Vol. 10    No. 4
FEBRUARY 19, 2015

The Capital City Hues
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EDITORIAL STAFF

Jonathan Gramling
Publisher & Editor

Contributing Writers
Lisa Peyton-Caire, Eileen Hocker,
Alfonso Zepeda Capistran, Theola
Carter, Fabu, Lang Kenneth Haynes,
Heidi Pascual, and Donna Parker

Webmaster: Heidi M. Pascual

Stories & Columns

Fourth Annual National Wear
Red Day: At Any Age,
By Jonathan Gramling

UNIDOS Announces New Mission:
Eliminating All Violence,
By Jonathan Gramling

Asian Wisconzine: Aging Is Upon
Us; What Should We Do?
By Paul H. Kusuda

Centerspread:
*4th Annual National Wear Red Day
Empowering Healthy Women  
*Literature reflecting latino Life  
*Sharing Diversity Strategies

The Saga of Thomas Jefferson
and Sally Hemings: That Peculiar
Institution (2),
By Jonathan Gramling

Art of Life: The Power of
Celebration,
By Donna Parker
Reflections/Jonathan Gramling
                                                       Life can be a B
Empowering Healthy Women
National Wear Red Day Creates
Solidarity on Women’s Health
It seems like forever since I last wrote a column, although it’s only been a little over two weeks. A lot has gone down since that time. One of the
only ways I can gain solace is to write. An old friend of mine died on February 4th. Anna Robinson Lindsey, a dear friend whom I met in the early
1990s died in Tampa, Florida of a massive heart attack, ironically while I was writing a story on National Wear Red Day and the Foundation for
Black Women’s Wellness on heart disease and the African American community.

While there is a big part of me that loathes social media, it is my presence on Facebook that allowed Anna’s daughter Pam to connect with me to
let me know what happened to Anna. As soon as I saw Pam’s name come up on my e-mail asking me to call her, I knew that Anna had died.
While Anna died on February 4th, Pam wasn’t able to contact me until February 12th for I had not seen Anna in 17 years, yet she was a big part of
my life in those days and there is something in us that never forgets.

So I flew down to Tampa the next day. Friday the 13th. A snafu deprived me of the rental car I had reserved and things didn’t turn out quite like I
thought it would. It reminded me of the time that I flew down to Tampa for Valentines Day. Anna had booked us on this romantic five-hour cruise
out on the Gulf of Mexico. Unfortunately a storm brewed and high waves made many a passenger sea sick, including Anna. We spent most of the
romantic cruise with me comforting Anna through her sea sickness on the back of the boat. It was a good moment, just not the kind that one
would want for Valentines Day. Anna was a wonderful woman and friend.

I am so glad that I went in spite of the well-laid plans that went astray. I ended up walking to the funeral, about two miles away, and spent most
of the time alone. But I was able to think back and appreciate this fine woman who was a part of my life.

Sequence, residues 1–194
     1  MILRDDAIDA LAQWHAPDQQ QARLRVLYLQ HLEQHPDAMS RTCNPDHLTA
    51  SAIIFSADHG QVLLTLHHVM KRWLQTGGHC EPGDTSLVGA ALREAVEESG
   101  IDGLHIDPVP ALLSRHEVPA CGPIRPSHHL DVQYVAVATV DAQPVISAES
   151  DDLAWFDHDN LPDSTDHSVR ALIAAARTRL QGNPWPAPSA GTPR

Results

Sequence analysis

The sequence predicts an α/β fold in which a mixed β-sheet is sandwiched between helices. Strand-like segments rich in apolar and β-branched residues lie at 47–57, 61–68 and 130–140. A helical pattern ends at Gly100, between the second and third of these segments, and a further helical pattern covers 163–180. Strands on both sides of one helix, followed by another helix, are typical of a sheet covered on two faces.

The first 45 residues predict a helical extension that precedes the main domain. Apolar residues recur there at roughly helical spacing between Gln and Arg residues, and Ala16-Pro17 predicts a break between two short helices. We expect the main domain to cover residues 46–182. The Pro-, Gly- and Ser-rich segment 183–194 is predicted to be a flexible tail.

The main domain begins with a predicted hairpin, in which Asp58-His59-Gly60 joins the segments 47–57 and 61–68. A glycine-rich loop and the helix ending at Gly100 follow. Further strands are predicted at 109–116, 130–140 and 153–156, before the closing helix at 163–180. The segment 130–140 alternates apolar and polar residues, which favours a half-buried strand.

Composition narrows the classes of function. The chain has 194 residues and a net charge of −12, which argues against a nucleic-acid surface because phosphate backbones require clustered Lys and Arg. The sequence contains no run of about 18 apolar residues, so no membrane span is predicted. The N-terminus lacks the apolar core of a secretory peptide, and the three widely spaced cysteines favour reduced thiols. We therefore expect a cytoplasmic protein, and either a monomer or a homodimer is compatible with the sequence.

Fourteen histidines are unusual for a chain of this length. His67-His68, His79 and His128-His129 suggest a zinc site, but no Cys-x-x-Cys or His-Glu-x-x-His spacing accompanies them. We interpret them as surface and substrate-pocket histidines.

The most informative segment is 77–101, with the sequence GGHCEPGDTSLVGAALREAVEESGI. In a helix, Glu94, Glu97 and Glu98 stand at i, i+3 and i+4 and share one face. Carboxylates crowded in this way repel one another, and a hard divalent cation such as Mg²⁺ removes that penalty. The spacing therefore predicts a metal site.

And maybe because of the quirks of life — Anna getting sick on that February 14th so many years ago — I ended up with the flu by the time I got
back to Madison. It’s a strange sense of connection, I readily admit. But although I hadn’t seen Anna in 17 years, there was still a cosmic
connection there, even if it was only in my own mind.  

And I have been in an emotional and physical funk all week, trying to deal with these things, wondering why I feel this way after 17 years and
feeling guilty that I do. Anna was a good human being and the world is a worse place without her in it.

And then the Lord works in a mysterious way. I wanted to do nothing, but I still had to come out with a paper and I had made arrangements to
interview members of Madison College’s Black Student Union and I needed a story. I didn’t have a notion to go out there, but go out there, I did.

And the members of the Black Student Union cleansed my soul. Here are these wonderful young people who are trying to make things better for
African American, other students of color and all students on the Madison College Truax campus. I loved their sense of mission and
camaraderie as they work to make Madison College a more conducive place for students of color to get an education and graduate with a
degree. We really connected and I left Madison College inspired by what these fine students are doing. I wish them much success in their work.

So I am thankful to these students as well as friends for seeing me though a difficult passage in my life. The Lord works in mysterious ways.
Cherish those you care about today because tomorrow is promised to no one, no matter what we may think.

***
I am concerned about the proposed Governor Walker initiatives like turning UW-Madison into a sophisticated voc-tech school, which is a
wonderful mission for Madison College and the proposal to make Wisconsin a Right to Work state, which in my experience in Mississippi during
the 1970s means the Right to Work for a Lower Wage. Governor Walker seeks to make Wisconsin a state that the Koch Brothers could only
dream about. And in return, the Koch Brothers will spend upwards of $1 billion on Walker’s presidential campaign.  

Walker is sacrificing Wisconsin’s long-term quality of life for short-term gains in his political career. Long after Walker has become president of
the United States, Wisconsinites will be paying the price for his political ambition. God help us!
NAMI Premiers Jono Oliver’s Home on February 26th
at the Barrymore